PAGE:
Henry Rollins tells a great and funny story about working with you on a musical project. What is your perspective on the story?

Answer: I have a new album out called Seeking Major Tom and to my great disappointment, Henry Rollins is not on it, otherwise [would] have had another funny story to tell about working with me.

Commodore VIC-20
by GIL_Dude

When I was a kid, your commercial for the Commodore VIC-20 convinced me that I had to have one (because Captain Kirk was advertising it!). I used it to learn some programming (both BASIC and assembler) and it was the early foundation for what I do today. The question: Did you actually use one of them day to day or was it just something they hired you to advertise and they gave you one and it sat in the corner?

Answer: I used to try to assemble computers way back when and they came out looking like a skateboard. I soon gave it up.

Canadian politics?
by kabrakan

You've jested about this in the past, but do you have any thoughts on running for a political seat in the Canadian government? We'd love to have you (but hey, anyone can do better than the current guy in the top seat).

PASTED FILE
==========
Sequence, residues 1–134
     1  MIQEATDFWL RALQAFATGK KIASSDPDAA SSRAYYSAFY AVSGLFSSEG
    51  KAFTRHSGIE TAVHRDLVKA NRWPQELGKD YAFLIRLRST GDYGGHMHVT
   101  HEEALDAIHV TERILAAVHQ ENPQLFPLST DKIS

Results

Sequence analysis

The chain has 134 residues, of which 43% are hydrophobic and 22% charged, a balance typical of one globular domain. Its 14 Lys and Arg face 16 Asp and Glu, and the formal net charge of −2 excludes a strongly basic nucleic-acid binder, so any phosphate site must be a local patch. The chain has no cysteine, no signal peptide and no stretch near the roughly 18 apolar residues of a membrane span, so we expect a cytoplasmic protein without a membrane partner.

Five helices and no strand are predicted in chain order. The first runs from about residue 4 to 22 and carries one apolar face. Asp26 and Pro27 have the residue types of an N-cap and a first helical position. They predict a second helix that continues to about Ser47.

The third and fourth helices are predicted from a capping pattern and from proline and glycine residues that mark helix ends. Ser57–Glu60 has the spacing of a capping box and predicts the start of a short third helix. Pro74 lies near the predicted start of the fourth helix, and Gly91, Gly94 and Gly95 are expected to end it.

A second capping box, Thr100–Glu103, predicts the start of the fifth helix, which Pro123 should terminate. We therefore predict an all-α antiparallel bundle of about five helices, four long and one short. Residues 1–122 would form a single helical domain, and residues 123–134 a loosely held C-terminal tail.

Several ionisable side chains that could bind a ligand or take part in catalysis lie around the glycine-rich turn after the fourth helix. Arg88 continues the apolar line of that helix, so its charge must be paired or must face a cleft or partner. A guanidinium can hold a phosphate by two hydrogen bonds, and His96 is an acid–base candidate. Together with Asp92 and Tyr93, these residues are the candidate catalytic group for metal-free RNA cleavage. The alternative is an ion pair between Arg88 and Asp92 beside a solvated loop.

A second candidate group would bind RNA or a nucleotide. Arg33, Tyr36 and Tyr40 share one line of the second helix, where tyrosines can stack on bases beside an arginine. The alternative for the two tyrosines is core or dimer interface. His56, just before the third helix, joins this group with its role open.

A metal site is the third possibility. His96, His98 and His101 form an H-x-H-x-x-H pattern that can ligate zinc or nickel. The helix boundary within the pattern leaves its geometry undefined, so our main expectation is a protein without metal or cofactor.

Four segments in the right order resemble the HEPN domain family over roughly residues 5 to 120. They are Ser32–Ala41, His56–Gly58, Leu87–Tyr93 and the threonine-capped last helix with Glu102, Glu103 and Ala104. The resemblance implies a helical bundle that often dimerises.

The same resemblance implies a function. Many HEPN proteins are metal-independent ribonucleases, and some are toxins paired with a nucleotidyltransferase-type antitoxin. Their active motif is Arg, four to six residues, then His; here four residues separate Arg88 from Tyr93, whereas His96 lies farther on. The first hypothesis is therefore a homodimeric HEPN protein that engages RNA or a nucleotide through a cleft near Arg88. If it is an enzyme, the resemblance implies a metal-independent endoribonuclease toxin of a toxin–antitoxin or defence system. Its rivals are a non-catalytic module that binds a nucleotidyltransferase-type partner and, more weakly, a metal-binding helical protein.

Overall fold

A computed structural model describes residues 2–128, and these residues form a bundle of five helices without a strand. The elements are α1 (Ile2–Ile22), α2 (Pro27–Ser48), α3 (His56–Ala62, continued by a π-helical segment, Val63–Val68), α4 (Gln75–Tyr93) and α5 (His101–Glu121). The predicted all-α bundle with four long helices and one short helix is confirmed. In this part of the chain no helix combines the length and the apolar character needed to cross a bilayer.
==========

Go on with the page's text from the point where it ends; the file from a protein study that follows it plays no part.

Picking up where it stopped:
Answer: There's a large group of people who want me to be the Governor General but other than throwing a party for the king and queen, I don't know what else he does.

Inspiring the next generation?
by techmuse

Growing up, Star Trek was one of the things that got me interested in engineering and the sciences. It made me want to see the future, or create it myself. What do you think should be done to inspire the next generation of scientists and engineers?

Answer: Star Trek helped inspire a whole generation of scientists and engineers with the magic of today's electronics I would think people of all kinds would try to find ways of working with around about computers and I also think that with the NASA program put on hold, it is a shame that we can't inspire the younger generation that way.

The growing "anti-smart" person culture
by PotatoHead

There is a growing "anti-smart" person culture out there now. When you were playing Kirk, kids could get a real chemistry set, for example. Now it's a lot different, and that desire to "boldly go where no man has gone before" seems blunted, constrained and discouraged. Much better to play in the sand box with the other kids.

When you were playing Kirk, I was a free range kid doing all manner of things, and yes that includes blowing stuff up. Now free range kids are increasingly rare as we consider that bad parenting, or they are "at risk," or some other fear based thing. Have you noticed these changes? What do you think about them?


Answer: [None.]

Mortality?
by optimism

Mr. Shatner: Recently I saw you in the Raymond Kurzweil documentary Transcendant Man, where you emphatically said that you do not want to die. This year, you have exceeded the average life expectancy of a male for ANY country in the world. Iceland is highest at 80.2 years; you are now 80.5 years.

So my question(s): Are you still fighting the battle for physical/mental immortality? If so, how? If not, can you describe the process you have gone through to accept your mortality and ultimately death?